The fact that the journalist only report on the catastrophes in mobile homes doesn’t help either. Have you ever seen an article about anything good happening to or in a mobile home? Me either! The only one’s I ever see go like “7 Dead in Mobile Home Fire” or “3 Murdered in Mobile Home Park.” I understand that bad news sells the papers but it is still a negative that we must overcome.
Therefore, the following is my attempt to fix a few myths and falsities about out beloved homes, all of the information is copied from relevant sites and studies.
“One in 25 Americans live in some kind of mobile structure, mostly in states where there are dozens and dozens of tornadoes each year. Places like the great plains, in general, have lots of folks living in these structures, which are just not built strongly enough to withstand even your run of the mill wind storm, let alone a tornado.”
Proof that even the professionals are uneducated!
- Install sturdy “L-brackets” to secure your major appliances to a wall.
- Install child safety locks on all cabinets.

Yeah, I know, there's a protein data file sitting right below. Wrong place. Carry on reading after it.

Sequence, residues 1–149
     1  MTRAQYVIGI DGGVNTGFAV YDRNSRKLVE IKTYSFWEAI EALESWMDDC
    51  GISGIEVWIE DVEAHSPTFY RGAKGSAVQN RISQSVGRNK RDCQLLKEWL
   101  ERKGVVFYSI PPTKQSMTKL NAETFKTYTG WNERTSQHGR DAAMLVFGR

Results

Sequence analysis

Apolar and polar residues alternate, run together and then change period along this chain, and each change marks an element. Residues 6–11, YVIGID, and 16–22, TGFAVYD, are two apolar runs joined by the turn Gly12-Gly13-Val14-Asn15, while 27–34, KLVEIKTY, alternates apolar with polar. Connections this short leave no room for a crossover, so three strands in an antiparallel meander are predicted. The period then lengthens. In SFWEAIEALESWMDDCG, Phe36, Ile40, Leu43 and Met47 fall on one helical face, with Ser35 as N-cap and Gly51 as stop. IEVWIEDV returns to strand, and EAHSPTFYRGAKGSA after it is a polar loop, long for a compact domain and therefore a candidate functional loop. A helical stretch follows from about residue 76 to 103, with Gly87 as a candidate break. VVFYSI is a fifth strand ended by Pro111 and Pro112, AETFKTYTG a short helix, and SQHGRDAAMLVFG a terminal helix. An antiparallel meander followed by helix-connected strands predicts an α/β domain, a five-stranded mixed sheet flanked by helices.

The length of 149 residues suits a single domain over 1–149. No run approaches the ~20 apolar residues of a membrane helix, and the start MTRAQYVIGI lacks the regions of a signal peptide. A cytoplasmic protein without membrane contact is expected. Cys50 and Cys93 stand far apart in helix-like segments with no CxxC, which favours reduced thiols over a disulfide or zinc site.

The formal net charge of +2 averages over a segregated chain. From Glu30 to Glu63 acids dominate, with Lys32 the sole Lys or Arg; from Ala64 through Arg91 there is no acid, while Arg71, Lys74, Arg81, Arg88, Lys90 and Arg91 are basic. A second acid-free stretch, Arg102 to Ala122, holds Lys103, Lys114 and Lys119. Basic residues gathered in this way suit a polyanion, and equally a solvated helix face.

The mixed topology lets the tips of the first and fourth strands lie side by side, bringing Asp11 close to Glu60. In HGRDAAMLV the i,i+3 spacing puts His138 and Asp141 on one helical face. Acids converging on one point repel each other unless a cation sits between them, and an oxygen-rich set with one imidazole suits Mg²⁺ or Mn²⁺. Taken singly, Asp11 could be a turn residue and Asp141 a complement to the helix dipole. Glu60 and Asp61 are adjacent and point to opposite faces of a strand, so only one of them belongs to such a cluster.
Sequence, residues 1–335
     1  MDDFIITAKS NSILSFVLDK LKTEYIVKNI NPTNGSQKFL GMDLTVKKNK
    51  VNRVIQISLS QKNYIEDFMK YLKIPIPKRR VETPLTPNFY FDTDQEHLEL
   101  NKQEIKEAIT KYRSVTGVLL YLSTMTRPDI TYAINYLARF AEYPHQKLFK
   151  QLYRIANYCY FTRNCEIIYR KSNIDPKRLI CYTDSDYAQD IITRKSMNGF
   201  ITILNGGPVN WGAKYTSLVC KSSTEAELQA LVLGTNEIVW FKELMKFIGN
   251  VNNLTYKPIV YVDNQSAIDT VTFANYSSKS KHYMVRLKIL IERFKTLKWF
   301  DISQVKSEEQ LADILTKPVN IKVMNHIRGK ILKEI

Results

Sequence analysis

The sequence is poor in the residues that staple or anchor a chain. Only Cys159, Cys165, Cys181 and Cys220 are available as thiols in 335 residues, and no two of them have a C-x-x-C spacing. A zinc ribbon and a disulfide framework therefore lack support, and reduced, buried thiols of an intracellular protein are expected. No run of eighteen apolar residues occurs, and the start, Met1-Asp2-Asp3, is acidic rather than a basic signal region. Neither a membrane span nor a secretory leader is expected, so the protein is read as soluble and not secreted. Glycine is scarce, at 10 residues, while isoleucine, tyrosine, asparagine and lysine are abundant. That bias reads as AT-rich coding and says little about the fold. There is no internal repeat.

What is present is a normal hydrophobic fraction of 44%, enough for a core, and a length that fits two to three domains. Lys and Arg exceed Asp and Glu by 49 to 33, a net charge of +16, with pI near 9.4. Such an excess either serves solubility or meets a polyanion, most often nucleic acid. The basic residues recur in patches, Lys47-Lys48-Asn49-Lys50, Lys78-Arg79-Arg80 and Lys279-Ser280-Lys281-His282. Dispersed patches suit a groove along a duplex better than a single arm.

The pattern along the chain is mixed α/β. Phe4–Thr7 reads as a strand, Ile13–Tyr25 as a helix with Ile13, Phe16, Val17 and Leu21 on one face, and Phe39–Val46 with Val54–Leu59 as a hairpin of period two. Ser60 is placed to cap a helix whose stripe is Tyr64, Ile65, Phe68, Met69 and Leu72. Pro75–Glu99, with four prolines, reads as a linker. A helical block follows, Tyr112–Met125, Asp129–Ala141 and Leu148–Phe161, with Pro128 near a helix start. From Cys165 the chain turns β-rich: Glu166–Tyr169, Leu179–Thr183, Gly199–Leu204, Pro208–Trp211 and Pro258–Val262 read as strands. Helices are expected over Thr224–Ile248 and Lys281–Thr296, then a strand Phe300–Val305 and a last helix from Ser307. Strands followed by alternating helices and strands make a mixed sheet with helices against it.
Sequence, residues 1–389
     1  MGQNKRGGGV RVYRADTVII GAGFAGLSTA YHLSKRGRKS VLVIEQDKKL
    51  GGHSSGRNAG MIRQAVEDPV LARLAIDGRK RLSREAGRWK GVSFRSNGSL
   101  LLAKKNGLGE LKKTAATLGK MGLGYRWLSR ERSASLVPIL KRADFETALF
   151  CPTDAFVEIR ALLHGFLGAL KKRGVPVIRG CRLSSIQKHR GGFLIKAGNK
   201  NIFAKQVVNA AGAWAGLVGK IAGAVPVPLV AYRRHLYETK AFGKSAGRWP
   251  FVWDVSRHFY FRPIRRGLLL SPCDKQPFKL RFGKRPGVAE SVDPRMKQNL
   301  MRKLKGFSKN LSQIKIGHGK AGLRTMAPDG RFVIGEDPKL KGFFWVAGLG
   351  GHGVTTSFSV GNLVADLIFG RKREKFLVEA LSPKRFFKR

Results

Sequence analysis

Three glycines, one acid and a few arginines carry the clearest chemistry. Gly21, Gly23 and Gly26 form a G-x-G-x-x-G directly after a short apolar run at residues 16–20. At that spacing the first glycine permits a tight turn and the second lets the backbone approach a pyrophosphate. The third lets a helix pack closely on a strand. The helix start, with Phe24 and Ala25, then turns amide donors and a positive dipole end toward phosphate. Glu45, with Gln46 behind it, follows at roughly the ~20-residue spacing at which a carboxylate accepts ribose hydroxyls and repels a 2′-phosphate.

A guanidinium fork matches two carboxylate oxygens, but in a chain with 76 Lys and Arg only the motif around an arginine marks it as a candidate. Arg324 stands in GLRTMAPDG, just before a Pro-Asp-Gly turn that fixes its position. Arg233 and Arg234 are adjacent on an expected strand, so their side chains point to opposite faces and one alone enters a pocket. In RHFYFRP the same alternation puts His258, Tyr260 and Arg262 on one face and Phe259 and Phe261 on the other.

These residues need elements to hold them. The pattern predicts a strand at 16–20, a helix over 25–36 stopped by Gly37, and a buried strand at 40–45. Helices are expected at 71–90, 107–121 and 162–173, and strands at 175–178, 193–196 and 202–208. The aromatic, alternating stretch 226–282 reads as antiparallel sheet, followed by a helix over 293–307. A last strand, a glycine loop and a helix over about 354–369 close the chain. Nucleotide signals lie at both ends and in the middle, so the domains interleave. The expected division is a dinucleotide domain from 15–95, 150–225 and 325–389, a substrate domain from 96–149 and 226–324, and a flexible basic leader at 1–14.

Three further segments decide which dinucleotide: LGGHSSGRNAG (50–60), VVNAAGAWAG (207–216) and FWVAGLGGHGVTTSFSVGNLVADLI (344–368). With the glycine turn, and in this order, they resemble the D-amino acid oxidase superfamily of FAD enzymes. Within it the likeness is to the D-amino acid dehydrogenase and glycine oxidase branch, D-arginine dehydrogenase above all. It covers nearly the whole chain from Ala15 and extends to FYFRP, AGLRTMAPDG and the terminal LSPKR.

- Remove heavy objects from upper shelves.
- Make sure your hot water heater and furnace are securely attached to your home and not just sitting freely in a utility closet.
- Learn how to shut off water, gas and electricity.
- Remove flammable or hazardous materials.
- Mount hanging pictures on “V” hooks.
- Inspect your home’s tie-down system at least every 6 months or after a re-leveling. Make sure the tie-downs are not cracked, torn or rusted.
- Have a licensed contractor install or make repairs to your tie-down system.
- Install extra tie-downs to your home.
- Add tie-downs to outlying structures, such as storage sheds, swing sets, and others.
- Make sure roofing, awnings, windows and siding are secure and problem-free.
- Clear your yard of things that could become dangerous debris during a storm, such as dead trees, loose branches, or stray objects like shovels, poles or bikes. Encourage neighbors to do the same.
- Make sure perimeter fencing is well installed and not loose or rickety.